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Womens volleyball heads to Florida for Seminole Invite

Shelby Lum / Photo editorFreshman defensive specialist Valeria León serves the ball before a match against Dabrowa, Sept. 4 at St. John Arena. OSU won, 3-2.The No. 23 Ohio State women’s volleyball team is set to travel to Tallahassee, Fla. this weekend for its second early season tournament in the Sheraton Seminole Invitational.Ohio State, 3-0 on the year and fresh off a victory against Polish professional team Dabrowa on Wednesday night, will take on No. 16 Western Kentucky at 11 a.m. Friday before matching up against the tournament host, No. 15 Florida State, at 7 p.m.  The Buckeyes will finish off the tournament against unranked Florida Gulf Coast Saturday at noon.Coach Geoff Carlston said all of the teams play good volleyball, but Western Kentucky and Florida State will be especially challenging.“They’re two very good teams,” Carlston said. “Western Kentucky just beat (then-No. 16 Purdue) and Florida State had a great weekend as well.”The Seminoles fell to No. 18 Illinois but knocked off then-No. 17 Kentucky and unranked Long Beach State.Carlston said that it will be a challenge to play two tough opponents back-to-back, but said his team has been in similar situations before.“That’s what we just did (at the NIU Invitational), we went five (against Green Bay) and then four hours later we played (Northern Illinois) and went five with them,” he said.Carlston also said that both teams play a different brand of volleyball, adding that FSU is a “big, physical team.”Sophomore middle blocker Andrea Kacsits said she is looking forward to playing a tough schedule and that she recognizes it as an opportunity to make a statement.“I think it will be really fun to play higher-ranked teams,” Kacsits said. “Then potentially to beat higher-ranked teams.”Junior setter Taylor Sherwin said she is looking forward to the opportunity as well.“It’s (going to be) a fun experience for us because we are considered a young team this year,” Sherwin said. “I feel like our team has so much to offer, and everyone will be seeing that this weekend.”While she is excited, Kacsits said she recognizes that this year’s team will have to find its own brand of volleyball.“I expect to see really scrappy defense,” she said. “I think this year we’re going to play a lot of really ugly volleyball, but it’s going to be really fun volleyball.”Even with an undefeated record, senior libero Davionna DiSalvatore said there is room for improvement at the service line.“We struggled a little bit on our serving (at the NIU Invitational),” Disalvatore said. “I think we need to be more consistent.”Even though there are areas that still need work, Carlston said he is happy to play teams ranked ahead of his own.“I’d much rather play teams ranked ahead of us,” Carlston said. “This is a good test for our team to be able to play such quality teams this weekend.”The Buckeyes, who are in the midst of a stretch of seven matches in nine days, will return to Columbus Sept. 13-14 for the Sports Imports DC Koehl Classic. OSU will play Indiana University, Purdue University at Indianapolis, Southeast Missouri and Xavier in the tournament. read more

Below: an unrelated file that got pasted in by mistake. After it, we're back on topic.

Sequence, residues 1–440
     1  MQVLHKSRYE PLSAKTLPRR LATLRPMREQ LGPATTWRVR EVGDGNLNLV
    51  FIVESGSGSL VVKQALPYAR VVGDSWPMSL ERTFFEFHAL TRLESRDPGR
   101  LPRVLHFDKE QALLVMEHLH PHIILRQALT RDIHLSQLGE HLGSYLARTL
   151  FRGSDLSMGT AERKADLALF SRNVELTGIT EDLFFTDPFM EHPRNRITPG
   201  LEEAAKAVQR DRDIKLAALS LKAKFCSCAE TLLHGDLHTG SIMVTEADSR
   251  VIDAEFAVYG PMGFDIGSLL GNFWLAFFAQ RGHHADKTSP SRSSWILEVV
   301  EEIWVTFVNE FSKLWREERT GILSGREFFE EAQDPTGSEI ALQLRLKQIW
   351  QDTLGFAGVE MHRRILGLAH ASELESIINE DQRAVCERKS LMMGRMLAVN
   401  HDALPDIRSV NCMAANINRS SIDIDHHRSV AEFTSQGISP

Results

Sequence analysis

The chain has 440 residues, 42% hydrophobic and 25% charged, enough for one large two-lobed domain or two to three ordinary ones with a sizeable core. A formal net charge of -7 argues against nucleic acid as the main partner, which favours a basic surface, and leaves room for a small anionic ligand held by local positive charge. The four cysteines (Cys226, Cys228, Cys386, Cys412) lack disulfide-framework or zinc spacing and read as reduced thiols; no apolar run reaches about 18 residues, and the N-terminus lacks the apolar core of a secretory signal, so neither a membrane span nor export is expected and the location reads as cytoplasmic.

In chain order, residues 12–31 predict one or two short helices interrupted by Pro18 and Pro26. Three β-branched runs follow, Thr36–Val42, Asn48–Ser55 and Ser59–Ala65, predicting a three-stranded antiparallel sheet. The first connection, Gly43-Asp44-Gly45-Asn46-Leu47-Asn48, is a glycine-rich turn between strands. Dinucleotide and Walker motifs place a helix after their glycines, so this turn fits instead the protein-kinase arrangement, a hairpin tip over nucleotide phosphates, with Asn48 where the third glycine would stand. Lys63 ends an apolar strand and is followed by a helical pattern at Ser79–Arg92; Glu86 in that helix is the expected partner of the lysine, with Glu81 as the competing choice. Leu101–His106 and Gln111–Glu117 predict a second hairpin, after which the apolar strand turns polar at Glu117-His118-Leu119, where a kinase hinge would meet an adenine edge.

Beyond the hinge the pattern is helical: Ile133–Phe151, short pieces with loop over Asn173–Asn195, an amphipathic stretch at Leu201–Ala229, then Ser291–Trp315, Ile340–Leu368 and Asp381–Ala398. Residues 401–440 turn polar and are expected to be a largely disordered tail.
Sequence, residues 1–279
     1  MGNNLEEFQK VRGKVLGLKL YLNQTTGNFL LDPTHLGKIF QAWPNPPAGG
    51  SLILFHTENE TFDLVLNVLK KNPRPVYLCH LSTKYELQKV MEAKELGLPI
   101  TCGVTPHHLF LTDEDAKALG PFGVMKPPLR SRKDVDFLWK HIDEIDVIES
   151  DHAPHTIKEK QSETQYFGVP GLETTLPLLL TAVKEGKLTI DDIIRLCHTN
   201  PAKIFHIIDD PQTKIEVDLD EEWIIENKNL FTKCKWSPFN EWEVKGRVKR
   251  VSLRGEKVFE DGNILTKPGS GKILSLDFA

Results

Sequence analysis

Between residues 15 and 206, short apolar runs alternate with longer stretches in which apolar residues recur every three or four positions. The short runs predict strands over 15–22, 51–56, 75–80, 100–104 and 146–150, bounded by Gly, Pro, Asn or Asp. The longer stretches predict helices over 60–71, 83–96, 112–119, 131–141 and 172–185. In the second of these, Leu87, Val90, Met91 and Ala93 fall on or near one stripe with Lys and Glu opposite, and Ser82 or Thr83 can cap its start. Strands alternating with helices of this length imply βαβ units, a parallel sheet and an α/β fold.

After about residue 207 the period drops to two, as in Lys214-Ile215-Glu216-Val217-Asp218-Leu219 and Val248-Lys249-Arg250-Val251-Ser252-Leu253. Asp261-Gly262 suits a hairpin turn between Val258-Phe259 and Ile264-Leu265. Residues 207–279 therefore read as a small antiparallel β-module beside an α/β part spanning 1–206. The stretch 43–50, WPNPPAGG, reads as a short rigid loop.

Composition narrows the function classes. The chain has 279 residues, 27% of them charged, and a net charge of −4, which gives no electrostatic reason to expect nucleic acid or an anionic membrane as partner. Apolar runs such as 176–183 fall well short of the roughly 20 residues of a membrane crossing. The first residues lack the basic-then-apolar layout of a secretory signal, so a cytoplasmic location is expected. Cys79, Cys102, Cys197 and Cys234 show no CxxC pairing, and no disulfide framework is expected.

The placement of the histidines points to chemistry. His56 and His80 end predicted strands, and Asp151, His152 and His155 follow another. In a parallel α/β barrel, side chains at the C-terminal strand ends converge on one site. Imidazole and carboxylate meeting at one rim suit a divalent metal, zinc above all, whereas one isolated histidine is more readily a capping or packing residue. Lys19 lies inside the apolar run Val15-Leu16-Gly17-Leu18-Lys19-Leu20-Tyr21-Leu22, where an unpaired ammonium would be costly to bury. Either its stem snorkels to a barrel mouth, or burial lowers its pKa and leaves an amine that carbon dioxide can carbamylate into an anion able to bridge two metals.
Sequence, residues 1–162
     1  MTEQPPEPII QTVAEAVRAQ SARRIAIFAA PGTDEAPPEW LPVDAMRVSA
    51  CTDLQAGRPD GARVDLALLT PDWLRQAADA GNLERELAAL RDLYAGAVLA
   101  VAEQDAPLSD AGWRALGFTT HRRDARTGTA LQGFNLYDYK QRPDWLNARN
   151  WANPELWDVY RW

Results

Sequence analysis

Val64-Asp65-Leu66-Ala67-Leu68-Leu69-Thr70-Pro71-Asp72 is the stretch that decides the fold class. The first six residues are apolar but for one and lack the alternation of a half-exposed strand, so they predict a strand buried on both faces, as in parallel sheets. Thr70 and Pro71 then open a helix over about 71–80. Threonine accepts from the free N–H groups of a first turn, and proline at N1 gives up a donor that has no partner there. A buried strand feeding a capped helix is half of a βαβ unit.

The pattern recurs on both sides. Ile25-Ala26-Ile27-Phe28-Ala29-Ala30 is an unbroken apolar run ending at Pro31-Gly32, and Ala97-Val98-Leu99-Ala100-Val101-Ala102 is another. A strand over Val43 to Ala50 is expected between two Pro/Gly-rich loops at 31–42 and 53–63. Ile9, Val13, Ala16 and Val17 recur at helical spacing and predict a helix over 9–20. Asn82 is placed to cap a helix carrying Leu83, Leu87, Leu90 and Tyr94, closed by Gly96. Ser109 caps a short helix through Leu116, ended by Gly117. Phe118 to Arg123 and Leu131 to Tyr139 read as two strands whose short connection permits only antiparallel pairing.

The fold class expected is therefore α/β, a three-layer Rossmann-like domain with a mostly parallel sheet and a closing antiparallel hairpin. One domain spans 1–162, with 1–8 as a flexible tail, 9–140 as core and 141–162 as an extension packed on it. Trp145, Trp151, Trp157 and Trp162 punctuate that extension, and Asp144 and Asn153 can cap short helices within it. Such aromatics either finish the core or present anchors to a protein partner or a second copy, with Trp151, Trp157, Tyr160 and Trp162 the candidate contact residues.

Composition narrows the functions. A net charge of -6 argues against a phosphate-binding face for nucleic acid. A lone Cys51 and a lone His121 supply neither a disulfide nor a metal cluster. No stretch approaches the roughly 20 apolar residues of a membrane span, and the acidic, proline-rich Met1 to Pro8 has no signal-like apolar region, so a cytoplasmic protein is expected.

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After productive offseason Ohio State softball ready for 2014 slate